Review: Child of Fire by Harry Connolly
Child of Fire is Harry Connolly’s debut novel and the first in the Twenty Palace Society series. The protagonist and first person Narrator is Ray Lilly, a petty criminal who’s been “recruited” as the expendable lackey of a mysterious woman, Annalise Powliss, bent on destroying users of unregulated magic. Much collateral damage is incurred as Ray and Annalise track down the source of the magic in the small Northwestern town of Hammer Bay.
Alone in a dangerous jungle one might light a fire to keep the animals at bay. While the fire may very well keep you safe it has the potential to provide a beacon for the dangerous curiosities of those same animals or something worse. That’s the state of magic in the world of Twenty Palaces. Eldritch horrors are drawn to our reality by the careless use of magic by those that discover and become addicted to it. Very little about the Twenty Palace Society is revealed in this first volume, but they at least seem opposed to our reality being devoured by unknowable creatures from another dimension.
Ray’s journey from explicitly expendable grunt to unlikely hero is the element of the story that most held my interest. He knows little more about how magic works than the reader. He finds many uses for the one small offensive spell at his disposal and bumbles his way toward the truth at the heart of the story’s mystery. In a world where magic seems to be available to anyone with an open mind (and flexible morality), the character of the magic user may very well be more important than knowledge.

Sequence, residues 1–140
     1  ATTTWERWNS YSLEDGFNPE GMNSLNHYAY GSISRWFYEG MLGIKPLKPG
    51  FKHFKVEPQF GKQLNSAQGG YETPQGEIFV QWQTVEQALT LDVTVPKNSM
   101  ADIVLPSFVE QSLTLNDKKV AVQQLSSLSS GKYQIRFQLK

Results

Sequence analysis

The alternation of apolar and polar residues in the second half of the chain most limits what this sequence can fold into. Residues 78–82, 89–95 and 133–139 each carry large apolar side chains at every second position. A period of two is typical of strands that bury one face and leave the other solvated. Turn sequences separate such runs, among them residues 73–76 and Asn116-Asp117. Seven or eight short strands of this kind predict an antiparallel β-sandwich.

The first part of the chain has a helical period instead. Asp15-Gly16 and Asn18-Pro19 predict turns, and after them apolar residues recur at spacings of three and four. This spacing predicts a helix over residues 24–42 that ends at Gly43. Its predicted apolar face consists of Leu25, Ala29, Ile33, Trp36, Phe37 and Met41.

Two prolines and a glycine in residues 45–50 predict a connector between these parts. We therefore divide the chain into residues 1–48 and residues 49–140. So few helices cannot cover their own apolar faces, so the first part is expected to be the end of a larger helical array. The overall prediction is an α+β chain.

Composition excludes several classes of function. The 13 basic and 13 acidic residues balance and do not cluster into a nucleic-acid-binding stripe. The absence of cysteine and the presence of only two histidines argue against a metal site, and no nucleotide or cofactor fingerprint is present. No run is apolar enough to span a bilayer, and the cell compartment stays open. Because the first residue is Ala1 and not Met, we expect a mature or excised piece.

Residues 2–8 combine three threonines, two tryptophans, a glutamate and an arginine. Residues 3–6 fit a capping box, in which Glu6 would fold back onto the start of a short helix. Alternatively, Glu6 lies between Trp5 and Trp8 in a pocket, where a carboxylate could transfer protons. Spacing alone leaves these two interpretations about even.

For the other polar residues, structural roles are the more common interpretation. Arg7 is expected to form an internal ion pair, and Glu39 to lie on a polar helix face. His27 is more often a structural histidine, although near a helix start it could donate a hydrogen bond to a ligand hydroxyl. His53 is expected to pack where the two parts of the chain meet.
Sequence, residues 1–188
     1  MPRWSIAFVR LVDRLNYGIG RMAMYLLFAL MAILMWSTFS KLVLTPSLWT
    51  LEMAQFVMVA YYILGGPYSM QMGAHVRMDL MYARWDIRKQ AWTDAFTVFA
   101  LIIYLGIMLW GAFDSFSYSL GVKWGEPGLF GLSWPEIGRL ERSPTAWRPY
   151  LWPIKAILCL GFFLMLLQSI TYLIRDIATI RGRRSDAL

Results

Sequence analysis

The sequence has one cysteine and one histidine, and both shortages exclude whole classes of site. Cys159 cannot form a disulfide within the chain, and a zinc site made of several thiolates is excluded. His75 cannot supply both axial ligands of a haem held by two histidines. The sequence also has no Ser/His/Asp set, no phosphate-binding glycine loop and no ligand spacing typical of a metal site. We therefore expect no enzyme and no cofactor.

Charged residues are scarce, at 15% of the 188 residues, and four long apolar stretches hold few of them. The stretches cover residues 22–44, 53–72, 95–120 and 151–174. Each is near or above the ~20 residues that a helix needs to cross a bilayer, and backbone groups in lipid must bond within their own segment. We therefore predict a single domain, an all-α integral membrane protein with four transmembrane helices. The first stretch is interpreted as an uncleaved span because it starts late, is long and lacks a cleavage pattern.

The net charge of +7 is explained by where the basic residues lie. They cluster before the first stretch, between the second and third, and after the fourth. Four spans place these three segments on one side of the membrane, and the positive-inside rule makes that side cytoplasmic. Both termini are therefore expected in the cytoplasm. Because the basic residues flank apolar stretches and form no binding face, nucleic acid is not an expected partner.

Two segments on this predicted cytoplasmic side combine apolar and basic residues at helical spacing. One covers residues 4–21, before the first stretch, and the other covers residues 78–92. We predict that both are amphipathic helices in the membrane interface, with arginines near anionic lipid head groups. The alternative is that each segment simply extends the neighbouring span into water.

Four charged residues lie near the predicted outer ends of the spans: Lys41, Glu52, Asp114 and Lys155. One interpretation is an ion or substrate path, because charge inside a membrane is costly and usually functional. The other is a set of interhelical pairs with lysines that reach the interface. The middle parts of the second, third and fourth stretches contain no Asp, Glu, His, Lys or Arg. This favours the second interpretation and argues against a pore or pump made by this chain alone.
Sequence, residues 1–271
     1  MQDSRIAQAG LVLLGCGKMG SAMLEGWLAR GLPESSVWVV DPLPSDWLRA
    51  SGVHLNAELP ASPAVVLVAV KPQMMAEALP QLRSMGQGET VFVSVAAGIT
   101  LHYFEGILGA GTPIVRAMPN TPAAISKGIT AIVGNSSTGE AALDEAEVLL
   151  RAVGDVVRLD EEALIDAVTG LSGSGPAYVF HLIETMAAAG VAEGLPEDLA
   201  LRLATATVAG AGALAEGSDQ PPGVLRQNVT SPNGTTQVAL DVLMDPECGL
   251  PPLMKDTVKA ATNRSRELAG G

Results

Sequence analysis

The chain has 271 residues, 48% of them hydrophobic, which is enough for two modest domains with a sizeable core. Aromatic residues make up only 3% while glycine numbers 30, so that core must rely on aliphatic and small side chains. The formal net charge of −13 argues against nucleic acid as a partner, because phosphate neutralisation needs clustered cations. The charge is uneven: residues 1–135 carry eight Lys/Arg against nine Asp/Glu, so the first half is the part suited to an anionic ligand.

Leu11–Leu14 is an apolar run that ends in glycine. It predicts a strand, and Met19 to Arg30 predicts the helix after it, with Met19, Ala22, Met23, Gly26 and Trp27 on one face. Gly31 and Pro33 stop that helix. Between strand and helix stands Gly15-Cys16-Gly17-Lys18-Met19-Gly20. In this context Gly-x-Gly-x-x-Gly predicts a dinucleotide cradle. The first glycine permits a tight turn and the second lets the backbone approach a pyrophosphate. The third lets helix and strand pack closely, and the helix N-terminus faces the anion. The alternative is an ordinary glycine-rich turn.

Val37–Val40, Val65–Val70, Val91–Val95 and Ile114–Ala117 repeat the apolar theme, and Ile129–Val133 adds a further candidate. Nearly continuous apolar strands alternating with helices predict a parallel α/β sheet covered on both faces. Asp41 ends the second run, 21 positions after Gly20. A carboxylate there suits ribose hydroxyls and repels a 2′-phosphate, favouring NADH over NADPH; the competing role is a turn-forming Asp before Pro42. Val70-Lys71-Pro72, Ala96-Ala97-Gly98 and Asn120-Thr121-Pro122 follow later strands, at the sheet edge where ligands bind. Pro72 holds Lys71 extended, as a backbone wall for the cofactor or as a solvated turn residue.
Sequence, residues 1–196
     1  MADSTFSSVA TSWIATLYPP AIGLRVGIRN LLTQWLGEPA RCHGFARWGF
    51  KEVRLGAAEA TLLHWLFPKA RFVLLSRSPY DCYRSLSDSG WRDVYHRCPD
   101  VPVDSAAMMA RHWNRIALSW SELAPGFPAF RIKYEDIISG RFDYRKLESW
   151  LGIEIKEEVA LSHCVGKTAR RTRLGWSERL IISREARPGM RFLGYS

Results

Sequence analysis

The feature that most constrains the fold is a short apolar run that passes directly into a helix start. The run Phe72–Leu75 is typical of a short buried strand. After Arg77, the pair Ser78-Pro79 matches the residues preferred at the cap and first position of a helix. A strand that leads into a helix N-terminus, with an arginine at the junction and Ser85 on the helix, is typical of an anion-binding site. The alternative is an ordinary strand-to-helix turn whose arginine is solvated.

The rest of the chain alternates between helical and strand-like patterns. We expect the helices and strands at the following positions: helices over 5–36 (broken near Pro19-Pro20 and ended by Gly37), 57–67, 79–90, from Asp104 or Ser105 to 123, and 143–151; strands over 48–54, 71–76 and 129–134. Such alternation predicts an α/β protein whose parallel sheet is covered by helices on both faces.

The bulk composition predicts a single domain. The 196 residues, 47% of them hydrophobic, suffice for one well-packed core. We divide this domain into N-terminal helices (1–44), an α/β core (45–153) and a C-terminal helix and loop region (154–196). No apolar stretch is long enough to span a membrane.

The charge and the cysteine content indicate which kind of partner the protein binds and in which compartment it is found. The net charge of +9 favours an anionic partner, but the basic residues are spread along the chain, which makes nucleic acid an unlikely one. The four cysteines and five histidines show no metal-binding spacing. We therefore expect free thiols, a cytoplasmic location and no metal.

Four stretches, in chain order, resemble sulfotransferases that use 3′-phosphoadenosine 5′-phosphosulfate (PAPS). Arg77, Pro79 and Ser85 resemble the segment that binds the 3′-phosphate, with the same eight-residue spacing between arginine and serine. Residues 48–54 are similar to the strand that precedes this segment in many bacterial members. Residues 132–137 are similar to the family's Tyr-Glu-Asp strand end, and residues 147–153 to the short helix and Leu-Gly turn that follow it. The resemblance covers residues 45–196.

In many ways this feels like a Jedi training montage set in a Lovcraftian universe with some werewolves (and a single offhanded mention of vampires) thrown in as a B plot to remind us that it’s actually Urban fantasy. That said, it is a quick enjoyable read with plenty of action. Body horror, mass delusion, creepy toys, red meat and lots of fire keep things interesting. It also sets up a world that has potential to diverge positively from overused urban fantasy tropes.